Yes, a million bucks for a Porsche 914 sounds a little crazy. To be fair, though, the 914/6 GT is a serious track machine, of which only 16 were factory-built. All 914/6 GT models sported steel fender flares, along with fiberglass deck lids, bumpers, and rocker panels, as well as vented brakes cribbed from the 911 S, a front-mounted oil cooler, and Fuchs alloy wheels. They were truly purpose-built race cars—stiffened chassis, heavy-duty suspension components, larger fuel tanks, and competition-spec interiors. Porsche offered to 914/6 GT customers three states of tune for the 2.0-liter flat-six, ranging from the familiar 911 S output to an all-out “variant three” level producing 210 hp at 8000 rpm, as in the Carrera 6 (906). Gooding’s car has such this highest-tune engine, complete with with twin-plug ignition, Weber 46 IDA carburetors, and camshafts from the 906.
If a 914 that can do 150 mph isn’t enough, this particular car (chassis #1017) has a noteworthy racing pedigree to boot. It was sold originally to French Canadian racer and journalist Jacques Duval and made its racing premiere at the 24 Hours of Daytona in 1971 against larger and faster competition and still finished first in class and seventh overall. It went on to a few other notable competition finishes that season.
It’s no stretch to say that if it sells, this will be by far the most expensive 914 ever to change hands at public auction. The current record belongs to a 1970 914/6 GT that sold in Paris back in 2018, but #1017 has a better racing history and provenance. Our current data indicates a #1-condition (Concours) value of $305,000 for the 914/6 GT, so we’ll have to see just how much Porsche die-hards are willing to bid for this car’s historical bonafides. Aside from the 1970 Le Mans GT-class winning (sixth overall) car, this is probably the most desirable 914/6 GT in existence.
The Mercedes-Benz 540 K was the pinnacle of grand tourers when it debuted in 1936. With its 180-hp supercharged straight-eight engine, drop-dead-gorgeous looks, and advanced suspension (double-wishbone and coil spring up front with a swing-axle out back), it was without equal as a means of trans-European travel in dashing style. This particular car was modified by a respected coachbuilder Hebmüller in 1951, transforming it from a cloth-top Cabriolet A into a custom hardtop meant to resemble, in some part, the factory Spezialcoupe. This unique 540 K is emerging into the light after 40 years of hiding in a Nebraska garage, and it’s in impressively original and solid condition.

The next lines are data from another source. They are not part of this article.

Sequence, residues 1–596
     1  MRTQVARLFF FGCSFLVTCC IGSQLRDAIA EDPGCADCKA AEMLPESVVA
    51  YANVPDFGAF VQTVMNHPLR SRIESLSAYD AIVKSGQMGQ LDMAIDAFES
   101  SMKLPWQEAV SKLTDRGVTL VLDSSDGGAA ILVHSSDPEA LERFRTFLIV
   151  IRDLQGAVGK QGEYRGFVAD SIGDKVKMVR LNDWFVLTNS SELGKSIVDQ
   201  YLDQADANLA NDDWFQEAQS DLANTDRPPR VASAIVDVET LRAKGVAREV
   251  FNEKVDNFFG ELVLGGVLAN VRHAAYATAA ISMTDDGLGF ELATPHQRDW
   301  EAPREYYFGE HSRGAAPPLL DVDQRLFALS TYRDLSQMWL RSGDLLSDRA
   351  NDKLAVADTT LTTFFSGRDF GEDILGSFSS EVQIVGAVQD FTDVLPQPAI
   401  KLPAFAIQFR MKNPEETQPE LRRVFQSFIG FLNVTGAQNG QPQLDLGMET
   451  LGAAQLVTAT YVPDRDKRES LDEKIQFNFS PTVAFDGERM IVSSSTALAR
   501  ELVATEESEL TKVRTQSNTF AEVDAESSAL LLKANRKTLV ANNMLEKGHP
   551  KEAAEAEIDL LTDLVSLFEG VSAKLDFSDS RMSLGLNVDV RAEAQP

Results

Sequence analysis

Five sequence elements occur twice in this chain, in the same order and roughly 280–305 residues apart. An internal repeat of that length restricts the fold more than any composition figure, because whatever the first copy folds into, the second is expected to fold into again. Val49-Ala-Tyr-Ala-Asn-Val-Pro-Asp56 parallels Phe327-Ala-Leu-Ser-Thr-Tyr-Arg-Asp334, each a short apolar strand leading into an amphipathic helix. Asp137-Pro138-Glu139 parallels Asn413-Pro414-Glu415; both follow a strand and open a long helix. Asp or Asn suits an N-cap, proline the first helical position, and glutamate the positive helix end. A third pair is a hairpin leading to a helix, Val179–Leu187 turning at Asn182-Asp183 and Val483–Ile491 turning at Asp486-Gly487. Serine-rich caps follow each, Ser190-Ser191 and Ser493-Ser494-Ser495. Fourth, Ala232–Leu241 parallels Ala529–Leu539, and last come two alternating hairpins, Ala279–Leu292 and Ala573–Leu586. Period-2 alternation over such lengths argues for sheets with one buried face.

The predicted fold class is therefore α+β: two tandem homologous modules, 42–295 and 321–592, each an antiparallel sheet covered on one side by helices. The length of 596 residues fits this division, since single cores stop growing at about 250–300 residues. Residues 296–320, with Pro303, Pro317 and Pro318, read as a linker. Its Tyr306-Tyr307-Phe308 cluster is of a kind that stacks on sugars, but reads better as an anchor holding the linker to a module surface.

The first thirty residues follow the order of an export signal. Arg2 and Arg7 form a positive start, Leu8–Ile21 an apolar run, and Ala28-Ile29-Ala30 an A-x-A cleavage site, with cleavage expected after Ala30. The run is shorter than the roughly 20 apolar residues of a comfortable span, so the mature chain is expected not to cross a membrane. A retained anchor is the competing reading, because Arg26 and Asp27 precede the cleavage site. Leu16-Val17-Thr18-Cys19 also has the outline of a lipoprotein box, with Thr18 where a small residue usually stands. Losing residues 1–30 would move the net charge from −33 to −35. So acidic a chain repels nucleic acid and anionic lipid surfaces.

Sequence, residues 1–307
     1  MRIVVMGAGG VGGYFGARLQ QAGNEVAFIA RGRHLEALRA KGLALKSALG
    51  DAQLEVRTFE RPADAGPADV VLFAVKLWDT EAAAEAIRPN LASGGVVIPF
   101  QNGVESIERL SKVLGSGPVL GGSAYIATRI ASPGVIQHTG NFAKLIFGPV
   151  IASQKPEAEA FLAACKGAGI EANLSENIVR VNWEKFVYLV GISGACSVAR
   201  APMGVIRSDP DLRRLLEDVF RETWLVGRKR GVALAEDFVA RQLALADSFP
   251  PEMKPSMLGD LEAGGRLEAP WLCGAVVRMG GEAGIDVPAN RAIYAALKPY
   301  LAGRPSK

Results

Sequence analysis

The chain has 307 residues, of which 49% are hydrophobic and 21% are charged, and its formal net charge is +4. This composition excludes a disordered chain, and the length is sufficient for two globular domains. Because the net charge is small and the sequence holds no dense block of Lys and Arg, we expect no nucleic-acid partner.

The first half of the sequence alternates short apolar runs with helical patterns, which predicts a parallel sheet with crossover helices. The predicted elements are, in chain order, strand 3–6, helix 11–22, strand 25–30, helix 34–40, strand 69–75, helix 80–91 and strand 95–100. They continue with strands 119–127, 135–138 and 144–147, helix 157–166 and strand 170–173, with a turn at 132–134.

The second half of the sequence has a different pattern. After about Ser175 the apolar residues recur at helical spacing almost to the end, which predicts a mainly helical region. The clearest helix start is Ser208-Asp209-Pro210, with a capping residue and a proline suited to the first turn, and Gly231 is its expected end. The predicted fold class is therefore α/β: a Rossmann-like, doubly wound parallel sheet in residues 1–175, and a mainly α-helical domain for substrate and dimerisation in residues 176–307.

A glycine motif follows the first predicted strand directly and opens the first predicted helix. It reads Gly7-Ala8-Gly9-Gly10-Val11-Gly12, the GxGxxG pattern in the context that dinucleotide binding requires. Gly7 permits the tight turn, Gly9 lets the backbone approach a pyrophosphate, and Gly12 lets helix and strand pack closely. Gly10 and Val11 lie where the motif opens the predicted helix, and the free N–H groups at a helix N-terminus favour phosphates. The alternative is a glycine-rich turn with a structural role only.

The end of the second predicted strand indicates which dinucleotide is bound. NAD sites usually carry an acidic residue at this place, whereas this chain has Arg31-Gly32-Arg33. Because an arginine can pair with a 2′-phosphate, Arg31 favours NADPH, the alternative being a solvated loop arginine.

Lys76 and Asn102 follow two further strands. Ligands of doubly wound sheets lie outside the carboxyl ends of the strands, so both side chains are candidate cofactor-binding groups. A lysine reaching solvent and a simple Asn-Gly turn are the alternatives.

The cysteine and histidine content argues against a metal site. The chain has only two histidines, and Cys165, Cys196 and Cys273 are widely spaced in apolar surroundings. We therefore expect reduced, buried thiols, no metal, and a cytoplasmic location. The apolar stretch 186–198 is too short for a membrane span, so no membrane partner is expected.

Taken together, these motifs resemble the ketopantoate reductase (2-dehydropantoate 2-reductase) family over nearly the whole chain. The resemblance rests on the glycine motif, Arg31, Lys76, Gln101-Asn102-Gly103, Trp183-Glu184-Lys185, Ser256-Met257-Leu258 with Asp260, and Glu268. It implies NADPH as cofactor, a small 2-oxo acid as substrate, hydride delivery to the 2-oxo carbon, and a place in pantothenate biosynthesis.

“The number of high-caliber cars waiting out there undiscovered in unrestored condition is dwindling, so it’s always exciting to see a car like this come out of hiding,” Newton notes. “That said, the Cabriolets and Special Roadsters are more glamorous and desirable, which explains this one’s somewhat-modest estimate relative to other 540 Ks that have sold in Arizona and elsewhere.” If nothing else, we’ll see to what degree this car’s fascinating story adds to its value.
Perhaps the seminal collaboration for the prolific relationship between Ferrari and Italian coachbuilding legend Pinin Farina, the Ferrari 250 GT is an utterly timeless classic. The music of that 3.0-liter, 240-hp V-12 and triple Weber carbs is simply divine, and the car’s style exudes the peak of sporty elegance in the 1950s. The cabriolet version also marked the end of Pinin Farina’s era as an old-school, boutique operation—the 250 GT cabriolet was among the final models produced in the coachbuilder’s low-volume workshop before Pinin Farina opened its new factory in Grugliasco in 1958. Each of the 37 production models built were unique in some fashion—interior trim and such was all made to order—and the last few units featured open headlights. (Pinin Farina also made three prototypes.)
Originally painted metallic grey, this example was repainted red in the 1980s, during which time its England-based owner also added a Jaeger clock and NART badging. In 1992 the car, now owned by Sheldon Solow of New York, had its by-then-inoperable original engine block swapped out for a replacement from a 250 GT Coupe and installed with the original heads. The correct, numbers-matching head and repaired block wouldn’t be reunited until October 2016, when the current owner commissioned Ferrari specialist Norbert Hofer (who had been servicing the car since 2004) to complete the job.
The #2-condition (excellent) value for the 1958 Ferrari 250 GT Cabriolet Series 1 is $7.0M, versus $7.5M in perfect, concours (#1) condition.
If it sells, this 250 GT cabriolet (chassis #0913 GT) will be the star of Arizona Auction Week. It’s the 25th of 40 total Series 1 drop-tops, and the covered headlights make it even more desirable. Shepherded for the last 20-plus years by a single California-based owner, it’s a known quantity in the high-end Ferrari world, having competed in more than 10 touring events and made appearances at several major car shows. This chassis has been off the market for quite a while, and given that #0913 GT is also fewer than 1000 miles from its engine rebuild, this delicious open-top Ferrari is ready to rally.